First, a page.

‘Kristy’s vision’

Local softball coach looks to help youngsters in Ghana

Submitted Photo From the left, Alana Stewart and Halle Kuzminski of the Dirt Devils 14U girls travel softball team stand in front of the gear that is pound for Ghana, a country located in West Africa.

The 14U girls travel softball team, affectionately called the “Dirt Devils,” will travel anywhere to play a softball game, but when Coach Kristy Kuzminski saw a need while checking out social media she had no idea what it would turn into.

“I was just scrolling on Facebook when I came across a video of a coach in Ghana trying to teach girls the game of baseball,” Kuzminski said.

What she learned from watching the very short video clip was that the girls were playing with wads of paper balled up to give them something to throw, catch and hit. Kuzminski felt bad for the coach who was doing his best, and she knew she could help him and the girls on his team.

From a Facebook video taken in West Africa, Kuzminski saw a need and knew she wanted to help so she sent a message to Viktor Buxton, the coach in the video, introduced herself, told him of her team and offered to help in anyway they could.

“It was just two coaches talking softball. He told of his needs and I told him I would talk to my girls and get back in touch,” Kuzminski said.

Submitted Photo Viktor Buxton, coach of the Champions Missions Queens in Ghana, shows off the signed Dirt Devils ball and hat from the Warren Lady Dragons softball team.

The coach from Warren was moved by the struggle of a fellow coach, but wasn’t sure what to do, so she reached out to Rick Rohlin, the president of the International Sports Academy, which is headquartered in Warren, and told him of her experience with Buxton in Ghana. Rohlin has a vast network of connections throughout the world, so he looked up the coach and made arrangements to go and meet with him and see what he could to help.

“It is absolutely what we do. We took Kristy’s vision for helping and took feet to an idea,” Rohlin said.

The idea of how to help has grown into so much more. Since Kuzminski first saw the video, she wanted to get her team directly involved with the girls in Ghana, so she got the local girls together and told them of her plan.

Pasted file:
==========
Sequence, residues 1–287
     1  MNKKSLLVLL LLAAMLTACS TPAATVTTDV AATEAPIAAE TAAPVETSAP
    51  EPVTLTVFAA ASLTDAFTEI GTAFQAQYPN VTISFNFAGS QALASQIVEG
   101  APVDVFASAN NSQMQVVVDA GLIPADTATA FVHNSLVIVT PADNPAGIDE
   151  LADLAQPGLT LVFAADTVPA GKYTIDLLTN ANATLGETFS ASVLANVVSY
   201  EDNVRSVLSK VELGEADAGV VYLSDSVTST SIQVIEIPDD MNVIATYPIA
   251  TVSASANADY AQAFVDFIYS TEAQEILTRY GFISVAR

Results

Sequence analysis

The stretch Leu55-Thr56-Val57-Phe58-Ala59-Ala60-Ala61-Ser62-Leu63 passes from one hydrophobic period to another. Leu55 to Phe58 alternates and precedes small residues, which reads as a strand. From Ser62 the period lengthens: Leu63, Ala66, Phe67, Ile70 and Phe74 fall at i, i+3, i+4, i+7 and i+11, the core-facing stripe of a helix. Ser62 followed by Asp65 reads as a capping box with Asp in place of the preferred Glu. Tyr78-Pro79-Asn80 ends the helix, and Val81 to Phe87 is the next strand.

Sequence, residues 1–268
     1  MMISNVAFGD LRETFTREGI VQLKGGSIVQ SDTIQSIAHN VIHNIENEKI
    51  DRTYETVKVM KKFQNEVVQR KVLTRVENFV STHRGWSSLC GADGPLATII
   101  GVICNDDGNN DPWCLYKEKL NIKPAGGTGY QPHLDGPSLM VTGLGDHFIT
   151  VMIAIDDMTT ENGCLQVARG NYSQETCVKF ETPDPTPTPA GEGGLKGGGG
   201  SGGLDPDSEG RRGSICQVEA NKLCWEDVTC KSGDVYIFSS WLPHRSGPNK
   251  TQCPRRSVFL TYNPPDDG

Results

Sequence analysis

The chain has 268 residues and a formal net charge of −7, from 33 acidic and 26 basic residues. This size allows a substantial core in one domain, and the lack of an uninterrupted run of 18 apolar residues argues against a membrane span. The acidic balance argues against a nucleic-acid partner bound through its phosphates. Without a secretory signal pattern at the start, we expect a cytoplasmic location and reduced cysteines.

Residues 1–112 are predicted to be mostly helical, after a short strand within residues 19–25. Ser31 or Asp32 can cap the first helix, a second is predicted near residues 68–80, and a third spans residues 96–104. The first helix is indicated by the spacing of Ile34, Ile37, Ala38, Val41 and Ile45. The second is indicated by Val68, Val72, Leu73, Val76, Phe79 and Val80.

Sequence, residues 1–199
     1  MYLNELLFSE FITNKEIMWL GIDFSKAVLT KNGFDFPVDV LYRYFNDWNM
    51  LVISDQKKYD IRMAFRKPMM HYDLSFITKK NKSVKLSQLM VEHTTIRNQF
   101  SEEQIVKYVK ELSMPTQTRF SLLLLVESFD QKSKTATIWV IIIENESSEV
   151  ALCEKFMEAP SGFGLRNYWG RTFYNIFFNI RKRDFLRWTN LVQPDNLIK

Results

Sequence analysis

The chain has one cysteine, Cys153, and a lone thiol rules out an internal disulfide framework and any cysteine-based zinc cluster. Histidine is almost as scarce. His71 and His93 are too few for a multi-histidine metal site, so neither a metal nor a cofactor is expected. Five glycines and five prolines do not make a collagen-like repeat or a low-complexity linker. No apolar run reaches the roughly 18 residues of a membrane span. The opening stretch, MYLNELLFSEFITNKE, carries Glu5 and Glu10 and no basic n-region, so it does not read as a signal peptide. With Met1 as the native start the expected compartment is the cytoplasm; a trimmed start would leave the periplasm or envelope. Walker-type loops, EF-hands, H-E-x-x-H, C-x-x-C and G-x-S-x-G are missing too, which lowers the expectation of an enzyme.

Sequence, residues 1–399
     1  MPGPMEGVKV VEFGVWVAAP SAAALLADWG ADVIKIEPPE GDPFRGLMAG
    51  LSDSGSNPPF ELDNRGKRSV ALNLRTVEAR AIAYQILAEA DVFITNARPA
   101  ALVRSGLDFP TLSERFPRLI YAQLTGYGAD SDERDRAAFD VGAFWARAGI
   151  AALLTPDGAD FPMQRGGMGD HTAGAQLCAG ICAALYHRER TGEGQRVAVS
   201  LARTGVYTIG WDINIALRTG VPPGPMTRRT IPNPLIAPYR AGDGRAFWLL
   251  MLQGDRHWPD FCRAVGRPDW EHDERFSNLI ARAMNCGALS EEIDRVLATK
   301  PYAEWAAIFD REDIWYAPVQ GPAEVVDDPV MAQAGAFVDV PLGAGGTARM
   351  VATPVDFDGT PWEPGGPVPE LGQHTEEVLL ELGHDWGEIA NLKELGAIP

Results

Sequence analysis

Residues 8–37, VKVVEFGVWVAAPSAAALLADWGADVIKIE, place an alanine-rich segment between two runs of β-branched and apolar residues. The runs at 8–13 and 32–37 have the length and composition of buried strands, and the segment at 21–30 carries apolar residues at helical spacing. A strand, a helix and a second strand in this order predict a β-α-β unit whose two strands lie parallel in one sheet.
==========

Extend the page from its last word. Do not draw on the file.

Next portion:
“They wanted in right away. The girls saw the need and wanted to connect,” Kuzminski said.

The simplest way the Dirt Devils thought they could do that was with a ball, so they signed a softball and sent it to Buxton in Ghana. From that one gesture, Kuzminski and Buxton thought they should connect the girls with each other directly and the idea of pen pals was born. While one set of letters has gone out from the Dirt Devils to the team in Ghana, they are awaiting the return from their counterparts.

But there’s more to the story. Kuzminski knew the girls in Ghana needed equipment, but how could it happen?

Rohlin and ISA stepped in again.

The organization put the wheels in motion to help set up where it needed to go.

“We have sent containers of sports equipment to Africa before,” Rohlin said, “so it was easy to start this process for Kristy.”

Rohlin has been in touch with officials in Ghana on the national level for baseball and has reached out to them as to how ISA can help. One interesting note is that, as of now, all youngsters play baseball. There is no official separation between baseball and softball for girls.

On April 10 and April 17, the Dirt Devils will be conducting a drop-off site for any baseball and softball equipment from 9 a.m. to noon at the HUB in Russell.

“If your kids have outgrown it or don’t use it anymore, if you are tired of looking at it or are tired of moving it in your garage, we want it, we will clean it up and see that it gets over to the kids that need it,” Kuzminski said.

They will be accepting old uniforms and baseball cleats as well.

Kuzminski saw a need and, with the help of Warren Little League, Lady Dragons softball and some individuals who have donated equipment, are off to a good start, but she needs the community’s help to get a full container.

“It’s going anyway, so we might as well fill it,” she said.

Kuzminski has said she has already seen the benefits for the girls on her team.

“I think it has shown them how lucky they are to play sports here in this country,” she said. “If this helps make them more aware of how things are for kids their age trying to play their sport in another country, it’s a win. I have plans to go over there with whoever wants to go. How cool would it be to play softball with the ball we sent over there with those girls.”

Rohlin added that he is in the planning stages of taking a group to Ghana and helping them out, too.

“I have two former Major League players who are ready to go,” he said. “I think it will be a great opportunity for young people to join us.”

For more information, check out the ISA website at www.isasports.org.


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